Goldberg Coins and Collectibles

Sale 44

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Lot 2177

1839-O. Capped Bust Half Dollar. NGC graded Proof 65. Georgeous irridescent hues of violet and blue. Exceedingly rare branch mint Proof. Not listed by PCGS. Rarity-7. One of five or fewer known. A fantastic example of this extraordinarily rare branch mint Proof. The surfaces are toned iridescent blue and dark champagne color with traces of rich green and purple-laden russet blended together. Not a thing to report that would tend to limit the technical grade, and, as the photographs clearly show, the coin's overall appeal its tops in its class. For identification, there is a minute nick below Liberty's chin on the upper throat. The coin is encased in NGC holder with certification number 1720540-001. The piece is struck with the one die pairing found on the other Proofs as well as most of the circulation 1839-O mint half dollars. On this early Proof state the obverse shows no indications of a later die crack that developed through the stars. The Mintmark is bold, as well as being double-punched along the lower curve. Although apparently both dies cracked very early in the production run of the Branch Mint Proofs, with the 1838-O coins being struck from this same reverse die (prior to the striking of the 1839-O Proofs), this example shows no signs of die deterioration. It may have been one of the first 1839-O Proofs minted.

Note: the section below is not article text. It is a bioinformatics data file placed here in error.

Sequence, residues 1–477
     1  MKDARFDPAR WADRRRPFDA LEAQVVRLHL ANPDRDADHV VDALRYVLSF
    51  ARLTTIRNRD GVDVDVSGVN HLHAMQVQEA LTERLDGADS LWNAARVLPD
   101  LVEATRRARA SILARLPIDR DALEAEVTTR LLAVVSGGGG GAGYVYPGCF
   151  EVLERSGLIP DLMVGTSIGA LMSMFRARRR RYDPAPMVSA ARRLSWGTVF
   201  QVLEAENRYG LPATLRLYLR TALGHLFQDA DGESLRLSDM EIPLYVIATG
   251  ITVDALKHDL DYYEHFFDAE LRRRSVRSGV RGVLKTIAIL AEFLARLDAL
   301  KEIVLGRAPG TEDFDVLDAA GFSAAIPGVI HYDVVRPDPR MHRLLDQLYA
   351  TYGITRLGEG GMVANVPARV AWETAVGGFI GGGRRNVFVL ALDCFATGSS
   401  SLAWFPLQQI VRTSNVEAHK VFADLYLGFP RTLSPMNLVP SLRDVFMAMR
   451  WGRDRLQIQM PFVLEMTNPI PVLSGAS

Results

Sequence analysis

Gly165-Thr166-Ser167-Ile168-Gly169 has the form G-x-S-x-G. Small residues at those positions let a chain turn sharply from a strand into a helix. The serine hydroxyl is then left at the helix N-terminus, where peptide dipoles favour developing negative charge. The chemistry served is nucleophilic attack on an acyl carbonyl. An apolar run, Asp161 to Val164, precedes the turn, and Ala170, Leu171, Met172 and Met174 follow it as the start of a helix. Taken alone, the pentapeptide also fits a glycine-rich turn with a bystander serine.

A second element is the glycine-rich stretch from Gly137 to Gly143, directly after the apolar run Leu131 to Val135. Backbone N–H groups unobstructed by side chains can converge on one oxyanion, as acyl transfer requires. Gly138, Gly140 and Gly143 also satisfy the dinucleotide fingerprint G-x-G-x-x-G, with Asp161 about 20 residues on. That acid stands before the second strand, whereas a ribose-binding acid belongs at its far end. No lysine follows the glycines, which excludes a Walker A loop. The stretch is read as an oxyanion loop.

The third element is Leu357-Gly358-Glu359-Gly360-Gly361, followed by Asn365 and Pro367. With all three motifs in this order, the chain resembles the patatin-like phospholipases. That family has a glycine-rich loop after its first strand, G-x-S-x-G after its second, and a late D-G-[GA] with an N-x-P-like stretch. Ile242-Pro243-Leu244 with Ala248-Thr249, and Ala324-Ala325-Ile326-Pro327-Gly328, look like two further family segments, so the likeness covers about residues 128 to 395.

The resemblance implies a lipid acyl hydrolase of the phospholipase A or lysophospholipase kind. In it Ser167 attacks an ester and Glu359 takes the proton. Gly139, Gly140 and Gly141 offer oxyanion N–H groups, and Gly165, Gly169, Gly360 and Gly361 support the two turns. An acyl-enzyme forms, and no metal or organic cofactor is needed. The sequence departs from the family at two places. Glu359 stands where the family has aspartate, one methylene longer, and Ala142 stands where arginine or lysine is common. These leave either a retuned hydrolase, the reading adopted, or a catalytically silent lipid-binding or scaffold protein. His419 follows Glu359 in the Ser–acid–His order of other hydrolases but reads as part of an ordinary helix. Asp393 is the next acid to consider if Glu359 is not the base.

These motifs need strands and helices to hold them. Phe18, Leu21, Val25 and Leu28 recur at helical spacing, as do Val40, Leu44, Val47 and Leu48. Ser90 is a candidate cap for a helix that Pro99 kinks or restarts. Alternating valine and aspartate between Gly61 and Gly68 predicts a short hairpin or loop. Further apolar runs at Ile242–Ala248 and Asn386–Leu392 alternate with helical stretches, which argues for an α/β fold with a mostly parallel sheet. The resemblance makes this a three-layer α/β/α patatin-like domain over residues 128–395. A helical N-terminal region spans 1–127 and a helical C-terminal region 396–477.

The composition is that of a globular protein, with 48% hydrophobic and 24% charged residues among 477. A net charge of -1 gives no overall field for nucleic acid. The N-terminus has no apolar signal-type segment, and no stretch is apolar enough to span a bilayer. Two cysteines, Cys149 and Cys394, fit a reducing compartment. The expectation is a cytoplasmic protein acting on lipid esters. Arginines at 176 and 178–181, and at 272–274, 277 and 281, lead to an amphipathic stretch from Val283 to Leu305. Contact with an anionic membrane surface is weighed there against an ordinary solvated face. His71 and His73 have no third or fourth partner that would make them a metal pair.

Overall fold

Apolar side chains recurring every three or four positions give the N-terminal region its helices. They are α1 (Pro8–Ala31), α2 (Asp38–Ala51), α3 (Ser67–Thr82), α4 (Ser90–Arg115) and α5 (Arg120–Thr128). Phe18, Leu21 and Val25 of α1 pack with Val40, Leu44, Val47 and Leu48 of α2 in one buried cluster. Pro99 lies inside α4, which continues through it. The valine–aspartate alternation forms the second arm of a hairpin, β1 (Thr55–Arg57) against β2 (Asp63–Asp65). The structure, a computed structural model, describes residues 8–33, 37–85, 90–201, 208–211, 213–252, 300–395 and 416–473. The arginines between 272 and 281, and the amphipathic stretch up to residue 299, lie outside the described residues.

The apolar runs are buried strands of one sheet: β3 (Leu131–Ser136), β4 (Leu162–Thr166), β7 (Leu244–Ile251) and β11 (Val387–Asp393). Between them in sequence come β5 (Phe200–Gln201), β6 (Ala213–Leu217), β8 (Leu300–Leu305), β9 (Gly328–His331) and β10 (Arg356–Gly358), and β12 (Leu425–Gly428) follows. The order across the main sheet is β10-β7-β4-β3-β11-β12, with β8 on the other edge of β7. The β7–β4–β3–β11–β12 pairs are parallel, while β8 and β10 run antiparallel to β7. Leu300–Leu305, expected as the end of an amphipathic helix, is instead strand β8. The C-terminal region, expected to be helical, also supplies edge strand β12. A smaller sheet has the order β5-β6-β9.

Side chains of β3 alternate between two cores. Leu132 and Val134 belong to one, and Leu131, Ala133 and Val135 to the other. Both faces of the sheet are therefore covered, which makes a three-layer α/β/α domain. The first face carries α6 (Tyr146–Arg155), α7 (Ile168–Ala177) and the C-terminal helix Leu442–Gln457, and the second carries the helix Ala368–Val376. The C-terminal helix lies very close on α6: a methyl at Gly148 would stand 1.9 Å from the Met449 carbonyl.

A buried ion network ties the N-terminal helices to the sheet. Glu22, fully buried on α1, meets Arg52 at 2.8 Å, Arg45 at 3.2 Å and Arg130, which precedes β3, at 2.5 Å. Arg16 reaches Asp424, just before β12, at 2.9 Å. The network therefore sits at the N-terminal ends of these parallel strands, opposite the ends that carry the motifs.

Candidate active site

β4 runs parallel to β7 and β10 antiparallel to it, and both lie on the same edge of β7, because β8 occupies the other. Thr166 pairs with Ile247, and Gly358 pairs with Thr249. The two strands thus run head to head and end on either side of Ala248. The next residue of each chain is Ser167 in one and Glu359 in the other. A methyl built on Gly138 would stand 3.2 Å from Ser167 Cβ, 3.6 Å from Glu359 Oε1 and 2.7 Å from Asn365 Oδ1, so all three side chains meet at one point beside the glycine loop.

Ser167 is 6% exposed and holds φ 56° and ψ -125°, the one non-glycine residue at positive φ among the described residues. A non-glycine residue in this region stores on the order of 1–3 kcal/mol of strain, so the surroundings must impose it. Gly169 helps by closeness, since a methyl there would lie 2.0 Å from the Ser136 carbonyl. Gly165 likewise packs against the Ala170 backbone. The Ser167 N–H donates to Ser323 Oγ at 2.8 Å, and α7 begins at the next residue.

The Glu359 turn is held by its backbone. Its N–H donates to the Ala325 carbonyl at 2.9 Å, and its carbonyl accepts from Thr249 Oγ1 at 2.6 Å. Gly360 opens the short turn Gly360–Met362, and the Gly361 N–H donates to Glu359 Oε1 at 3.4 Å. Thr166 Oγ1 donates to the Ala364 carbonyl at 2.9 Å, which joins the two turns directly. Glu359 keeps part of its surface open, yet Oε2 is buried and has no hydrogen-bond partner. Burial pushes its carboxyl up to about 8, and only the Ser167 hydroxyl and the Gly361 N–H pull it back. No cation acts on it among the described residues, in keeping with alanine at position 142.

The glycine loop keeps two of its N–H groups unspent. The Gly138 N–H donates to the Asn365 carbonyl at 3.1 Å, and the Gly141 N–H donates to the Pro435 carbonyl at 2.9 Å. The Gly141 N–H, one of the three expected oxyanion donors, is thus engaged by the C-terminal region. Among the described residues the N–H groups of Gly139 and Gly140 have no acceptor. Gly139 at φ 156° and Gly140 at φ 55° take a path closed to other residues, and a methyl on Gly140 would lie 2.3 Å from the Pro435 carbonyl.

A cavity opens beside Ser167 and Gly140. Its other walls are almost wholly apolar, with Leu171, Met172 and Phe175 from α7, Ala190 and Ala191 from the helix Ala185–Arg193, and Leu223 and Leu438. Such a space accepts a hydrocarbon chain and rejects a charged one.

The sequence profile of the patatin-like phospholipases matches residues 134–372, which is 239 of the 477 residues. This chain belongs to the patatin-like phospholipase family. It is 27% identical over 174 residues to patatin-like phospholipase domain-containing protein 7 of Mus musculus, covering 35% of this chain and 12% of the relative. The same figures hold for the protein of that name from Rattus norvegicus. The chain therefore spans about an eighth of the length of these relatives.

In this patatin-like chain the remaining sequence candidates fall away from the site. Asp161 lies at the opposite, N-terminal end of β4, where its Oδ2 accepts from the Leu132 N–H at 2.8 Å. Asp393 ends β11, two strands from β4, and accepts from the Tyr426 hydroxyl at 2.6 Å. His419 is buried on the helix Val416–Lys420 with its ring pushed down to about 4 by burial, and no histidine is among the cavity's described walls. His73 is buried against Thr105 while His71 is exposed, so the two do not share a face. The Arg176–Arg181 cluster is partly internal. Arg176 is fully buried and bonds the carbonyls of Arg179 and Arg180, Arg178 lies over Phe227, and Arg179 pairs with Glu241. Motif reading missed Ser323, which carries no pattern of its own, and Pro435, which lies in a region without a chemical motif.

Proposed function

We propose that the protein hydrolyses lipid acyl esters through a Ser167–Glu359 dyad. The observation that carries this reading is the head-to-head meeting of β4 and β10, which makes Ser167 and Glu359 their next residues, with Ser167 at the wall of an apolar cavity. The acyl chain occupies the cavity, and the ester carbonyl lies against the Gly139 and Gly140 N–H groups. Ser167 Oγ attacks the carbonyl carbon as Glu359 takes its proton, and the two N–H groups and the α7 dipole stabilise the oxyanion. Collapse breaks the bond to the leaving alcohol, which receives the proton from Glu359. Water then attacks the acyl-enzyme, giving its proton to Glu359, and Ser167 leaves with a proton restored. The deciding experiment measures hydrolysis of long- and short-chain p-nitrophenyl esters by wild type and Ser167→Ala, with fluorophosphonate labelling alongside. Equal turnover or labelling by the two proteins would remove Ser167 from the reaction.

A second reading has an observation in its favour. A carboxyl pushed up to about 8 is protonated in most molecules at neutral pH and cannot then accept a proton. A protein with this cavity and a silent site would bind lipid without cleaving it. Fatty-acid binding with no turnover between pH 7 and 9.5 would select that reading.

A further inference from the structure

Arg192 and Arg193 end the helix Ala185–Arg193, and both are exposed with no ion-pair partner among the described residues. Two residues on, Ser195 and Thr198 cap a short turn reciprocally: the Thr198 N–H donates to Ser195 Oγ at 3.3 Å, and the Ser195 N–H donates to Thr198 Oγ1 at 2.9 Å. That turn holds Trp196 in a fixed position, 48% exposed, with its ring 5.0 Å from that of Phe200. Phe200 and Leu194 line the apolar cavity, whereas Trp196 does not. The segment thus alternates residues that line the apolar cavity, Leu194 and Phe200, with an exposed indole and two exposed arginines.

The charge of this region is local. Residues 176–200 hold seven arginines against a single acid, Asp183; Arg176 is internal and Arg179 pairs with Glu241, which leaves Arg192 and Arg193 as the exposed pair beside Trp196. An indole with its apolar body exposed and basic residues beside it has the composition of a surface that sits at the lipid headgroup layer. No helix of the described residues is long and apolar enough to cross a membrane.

The Breen Encyclopedia (1988) lists "5 known Proofs." Stack's which offered a "Choice Brilliant Proof" 1839-O in its October 2006 sale, kindly provides the following up-to-date provenance listing of the 4 known specimens as derived from Breen's earlier Proof Encyclopedia (1977):

1) Ex Stack's Sale, September 1992, lot 358; Krouner Collection (Lester Merkin, February 1971, lot 736); Stack's Sale, October 2006.

2) Proof, deeply toned. Planchet defect over eagle's head. F.C.C. Boyd ''World's Greatest Collection'' (Numismatic Gallery, May 1945, lot 411; Allenburger Collection (B. Max Mehl, March 1948); R. E. Cox Collection (Stack's, April 1962, lot 1875).

3) Reported by Breen in Philip G. Straus Collection (1951). Not later sold in New Netherlands #53, June 1959 or Stack's, May 1959. Not seen. Medal turn die alignment.

4) This Specimen. Private collection, possibly #1 or #3 above or another specimen--Robison Collection (Stack's, February 1982, lot 1607).

Pop 1; none finer @ NGC.
Estimated Value $300,000 - 350,000.
Ex: Robison Collection.

Realized $373,750

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